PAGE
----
When You’re the Boss, It’s Always Your Fault

I spend a fair amount of time working with some pretty miserable people. They see incompetence everywhere they look. They despise their staff and let it show. Working with these people is one of the many joys that comes with the organizational and leadership development work I do. And, I mean it. It’s a joy–not as much for them–but it is for me. Here’s why.

I was miserable too. I held the title of the World’s Worst Manager for several years in the 2000s. Only after a little HR crisis did I find a path to a happier, more productive, and satisfying place for myself and my team.

On the other side of that experience, I gravitated towards managers in a similar place to where I’d been. Crossing paths in the hallways and break rooms, exchanging emails, and on conference calls, I could see and hear the pattern of anger and frustration. I wanted to help them, so I made one of those sharp right turns in my career. I left big data problems in search of big people problems–I made bad leadership behavior my focus.

Not only are the patterns of bad leadership behavior the same, the blame game is the same too. The most common refrain I hear when first meeting with a leader in crisis is all about how truly awful, insubordinate, entitled, disrespectful, and ungrateful their team is. And while there is usually a kernel of truth in their complaints, the common denominator is always the leader themself. They’re the problem. The sooner they see that, the faster they can fix it.

The challenge is that it’s really hard for most people to see themselves as the root of their problems. There are many years of excuses, justifications, and thought patterns that have led to where they are. These beliefs aren’t reprogrammed quickly, but doing so is the key to moving forward.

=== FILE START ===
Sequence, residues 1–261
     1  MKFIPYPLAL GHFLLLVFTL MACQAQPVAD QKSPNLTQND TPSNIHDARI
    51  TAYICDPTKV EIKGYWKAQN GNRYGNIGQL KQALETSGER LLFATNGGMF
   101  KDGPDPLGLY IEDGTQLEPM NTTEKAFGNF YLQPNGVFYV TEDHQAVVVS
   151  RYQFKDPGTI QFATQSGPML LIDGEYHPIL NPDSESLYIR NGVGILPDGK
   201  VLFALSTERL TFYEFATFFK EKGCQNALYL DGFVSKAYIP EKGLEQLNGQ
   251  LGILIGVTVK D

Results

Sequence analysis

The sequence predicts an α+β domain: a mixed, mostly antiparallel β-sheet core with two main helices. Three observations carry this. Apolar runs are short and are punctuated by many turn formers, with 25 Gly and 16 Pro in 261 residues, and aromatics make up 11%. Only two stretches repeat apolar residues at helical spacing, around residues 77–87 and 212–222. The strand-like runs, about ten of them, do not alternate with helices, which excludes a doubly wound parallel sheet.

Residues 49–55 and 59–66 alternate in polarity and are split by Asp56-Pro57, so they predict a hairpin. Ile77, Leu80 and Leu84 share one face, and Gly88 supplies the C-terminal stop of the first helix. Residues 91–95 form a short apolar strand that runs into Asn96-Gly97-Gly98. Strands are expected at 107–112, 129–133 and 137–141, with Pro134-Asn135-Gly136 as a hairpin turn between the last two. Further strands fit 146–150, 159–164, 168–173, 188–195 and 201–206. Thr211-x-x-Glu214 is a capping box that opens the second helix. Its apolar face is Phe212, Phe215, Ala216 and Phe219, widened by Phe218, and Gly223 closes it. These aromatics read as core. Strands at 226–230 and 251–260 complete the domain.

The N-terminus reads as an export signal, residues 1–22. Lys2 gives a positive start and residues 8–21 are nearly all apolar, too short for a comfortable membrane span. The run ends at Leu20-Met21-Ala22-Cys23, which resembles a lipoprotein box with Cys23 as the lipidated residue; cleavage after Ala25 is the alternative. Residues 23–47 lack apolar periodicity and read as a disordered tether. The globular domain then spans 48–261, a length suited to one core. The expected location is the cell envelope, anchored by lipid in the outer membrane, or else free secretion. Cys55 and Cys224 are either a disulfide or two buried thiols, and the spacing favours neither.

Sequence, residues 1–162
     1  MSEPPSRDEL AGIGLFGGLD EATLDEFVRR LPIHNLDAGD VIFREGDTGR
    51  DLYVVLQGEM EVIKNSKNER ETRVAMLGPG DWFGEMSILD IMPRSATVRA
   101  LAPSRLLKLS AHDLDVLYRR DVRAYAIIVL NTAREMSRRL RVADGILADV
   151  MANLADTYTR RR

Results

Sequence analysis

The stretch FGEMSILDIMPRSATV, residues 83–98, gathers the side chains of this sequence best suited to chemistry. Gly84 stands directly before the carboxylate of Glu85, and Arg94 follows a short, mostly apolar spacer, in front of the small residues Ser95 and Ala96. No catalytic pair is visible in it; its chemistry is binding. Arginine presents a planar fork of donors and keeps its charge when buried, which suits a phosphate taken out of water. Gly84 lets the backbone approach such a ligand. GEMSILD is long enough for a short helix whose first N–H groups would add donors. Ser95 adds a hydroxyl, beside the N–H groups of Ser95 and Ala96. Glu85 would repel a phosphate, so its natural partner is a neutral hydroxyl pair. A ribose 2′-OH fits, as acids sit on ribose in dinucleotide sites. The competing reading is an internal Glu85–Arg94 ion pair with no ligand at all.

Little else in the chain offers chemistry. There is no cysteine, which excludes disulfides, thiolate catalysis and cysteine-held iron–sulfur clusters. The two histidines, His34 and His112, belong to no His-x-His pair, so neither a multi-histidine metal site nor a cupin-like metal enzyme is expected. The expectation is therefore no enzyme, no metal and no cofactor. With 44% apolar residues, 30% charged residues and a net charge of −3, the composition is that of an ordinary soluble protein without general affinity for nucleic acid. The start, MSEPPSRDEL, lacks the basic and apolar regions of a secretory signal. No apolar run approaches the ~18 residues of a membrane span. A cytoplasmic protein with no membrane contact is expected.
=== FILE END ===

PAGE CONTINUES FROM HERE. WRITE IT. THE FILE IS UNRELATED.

If you’re a manager in the midst of your own little HR crisis, here are some signs that you’ll find the culprit of it all in the mirror.

  • More than one person has raised concerns to you or your boss.
  • People stop talking when you walk into the room.
  • You’re getting similar feedback to what you’ve heard in a prior position.
  • You were promoted based on your technical skills.
  • You were professionally “raised” in an environment where you did what your boss told you to do.
  • You think leadership training caters too much to people’s softer sides.
  • Because they’re paid, you believe your team should just do their jobs and stop complaining.
  • You’ve heard yourself think something like, “If they’re so unhappy, then they can just leave.”
  • Your name is on the door.

I include this catch-all at the end because this is the reality: If you’re in charge, the team’s culture and compatibility is your responsibility. This includes the team dynamic, morale, and the staff’s attitude about you and the work. It’s all you. I’d argue that when you accept a leadership position, you’re also accepting responsibility for all of your team’s outcomes. You can’t have the glory, title, and compensation without owning the challenges that come with it.

It’s not an easy conversation to have with someone–especially a client who is paying for advice on how to get their team in line. But it’s one that I often have to have. The faster you accept that it’s you and not them, the faster you can find the help, resources, mentoring, and training needed to get yourself out of that miserable place.

It’s ok that you’re not a perfect manager already. Despite what some people believe, great leaders and managers aren’t born that way. They make themselves through intense self-reflection and behavior adjustments over time. You can do the same.

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